Freddie Figgers – the abandoned baby who became a runaway telecom tech star

As a baby, born in the US in 1989, Freddie Figgers was abandoned by his biological parents but he was brought up with love and kindness by two much older adoptive parents who kindled his early enthusiasm for fixing things and inspired his work in smart health. He now runs the first Black-owned telecommunications company in the US.

 

 

When Freddie was 9 his father bought him an old (broken) computer from a charity shop to play around with. He’d previously enjoyed tinkering with his father’s collection of radios and alarm clocks and when he opened up the computer could see which of its components and soldering links were broken. He spotted that he could replace these with the same kinds of components from one of his dad’s old radios and, after several attempts, soon his computer was working again – Freddie was hooked, and he started to learn how to code.

When he was 12 he attended an after-school club and set to work fixing the school’s broken computers. His skill impressed the club’s leader, who also happened to be the local Mayor, and soon Freddie was being paid several dollars an hour to repair even more computers for the Mayor’s office (in the city of Quincy, Florida) and her staff. A few years later Quincy needed a new system to ensure that everyone’s water pressure was correct. A company offered to create software to monitor the water pressure gauges and said it would cost 600,000 dollars. Freddie, now 15 and still working with the Mayor, offered to create a low-cost program of his own and he saved the city thousands in doing so.

He was soon offered other contracts and used the money coming in to set up his own computing business. He heard about an insurance company in another US city whose offices had been badly damaged by a tornado and lost all of their customers’ records. That gave him the idea to set up a cloud computing service (which means that the data are stored in different places and if one is damaged the data can easily be recovered from the others).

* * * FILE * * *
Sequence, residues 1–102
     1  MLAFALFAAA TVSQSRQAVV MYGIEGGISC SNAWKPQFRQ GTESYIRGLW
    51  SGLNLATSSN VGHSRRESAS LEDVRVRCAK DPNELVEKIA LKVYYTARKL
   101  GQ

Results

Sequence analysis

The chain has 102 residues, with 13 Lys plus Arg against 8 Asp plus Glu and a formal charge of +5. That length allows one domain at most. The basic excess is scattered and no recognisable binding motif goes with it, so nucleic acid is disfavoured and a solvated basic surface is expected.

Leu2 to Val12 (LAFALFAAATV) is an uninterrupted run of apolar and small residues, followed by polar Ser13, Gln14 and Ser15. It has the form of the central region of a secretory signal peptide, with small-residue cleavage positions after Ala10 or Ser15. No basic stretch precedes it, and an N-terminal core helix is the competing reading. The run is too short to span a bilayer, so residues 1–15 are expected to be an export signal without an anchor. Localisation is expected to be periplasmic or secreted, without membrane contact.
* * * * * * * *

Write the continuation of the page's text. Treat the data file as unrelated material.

His father, now quite elderly, had dementia and regularly wandered off and got lost. Freddie found an ingenious way to help him by rigging up one of his dad’s shoes with a GPS detector and two-way communication connected to his computer – he could talk to his dad through the shoe! If his dad was missing Freddie could talk to him, find out where he was and go and get him. Freddie later sold his shoe tracker for over 2 million dollars.

Living in a rural area he knew that mobile phone coverage and access to the internet was not as good as in larger cities. Big telecommunications companies are not keen to invest their money and equipment in areas with much smaller populations so instead Freddie decided to set up his own. It took him quite a few applications to the FCC (the US’ Federal Communications Commission who regulate internet and phone providers) but eventually, at 21, he was both the youngest and the first Black person in the US to own a telecoms company.

Most telecoms companies just provide a network service but his company also creates affordable smart phones which have ‘multi-user profiles’ (meaning that phones can be shared by several people in a family, each with their own profile). The death of his mother’s uncle, from a diabetic coma, also inspired him to create a networked blood glucose (sugar) meter that can link up wirelessly to any mobile phone. This not only lets someone share their blood glucose measurements with their healthcare team, but also with close family members who can help keep them safe while their glucose levels are too high.

Freddie has created many tools to help people in different ways through his work in health and communications – he’s even helping the next generation too. He’s also created a ‘Hidden Figgers’ scholarship to encourage young people in the US to take up tech careers, so perhaps we’ll see a few more fantastic folk like Freddie Figgers in the future.

Part of our Diversity in Computing series.

Further reading

See also
A ‘shoe tech’ device for people who have no sense of that direction – read about it in ‘Follow that Shoe’ on the last page of the wearable technology issue of CS4FN (‘Technology Worn Out (And About)’, issue 25).

Right to Repair – a European movement to make it easier for people to repair their devices, or even just change the battery in a smartphone themselves. See also the London-based Restart Project which is arguing for the same in the UK.